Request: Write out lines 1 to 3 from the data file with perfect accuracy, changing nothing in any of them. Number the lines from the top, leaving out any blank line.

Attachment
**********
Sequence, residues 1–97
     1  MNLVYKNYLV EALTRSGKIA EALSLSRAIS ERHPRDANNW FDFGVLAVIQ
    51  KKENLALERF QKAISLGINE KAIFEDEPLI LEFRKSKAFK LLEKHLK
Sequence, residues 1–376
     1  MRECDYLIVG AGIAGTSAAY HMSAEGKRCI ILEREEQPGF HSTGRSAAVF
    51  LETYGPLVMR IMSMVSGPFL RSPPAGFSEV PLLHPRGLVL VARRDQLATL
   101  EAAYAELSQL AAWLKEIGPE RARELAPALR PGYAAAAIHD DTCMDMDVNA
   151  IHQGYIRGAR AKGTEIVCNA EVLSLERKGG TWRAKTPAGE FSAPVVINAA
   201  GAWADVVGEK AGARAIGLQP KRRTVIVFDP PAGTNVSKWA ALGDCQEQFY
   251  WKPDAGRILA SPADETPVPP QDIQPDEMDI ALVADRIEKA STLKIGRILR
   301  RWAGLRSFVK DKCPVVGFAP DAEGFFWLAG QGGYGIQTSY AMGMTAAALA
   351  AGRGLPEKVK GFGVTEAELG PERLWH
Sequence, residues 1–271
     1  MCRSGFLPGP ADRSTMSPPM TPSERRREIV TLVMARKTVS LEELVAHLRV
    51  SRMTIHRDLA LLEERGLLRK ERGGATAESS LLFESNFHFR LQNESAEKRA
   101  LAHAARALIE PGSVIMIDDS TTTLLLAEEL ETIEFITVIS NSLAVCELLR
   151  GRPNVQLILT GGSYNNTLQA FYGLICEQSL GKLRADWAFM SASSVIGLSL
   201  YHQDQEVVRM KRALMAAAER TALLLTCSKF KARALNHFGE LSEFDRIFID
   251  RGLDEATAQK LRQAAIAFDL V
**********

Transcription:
Sequence, residues 1–97
     1  MNLVYKNYLV EALTRSGKIA EALSLSRAIS ERHPRDANNW FDFGVLAVIQ
    51  KKENLALERF QKAISLGINE KAIFEDEPLI LEFRKSKAFK LLEKHLK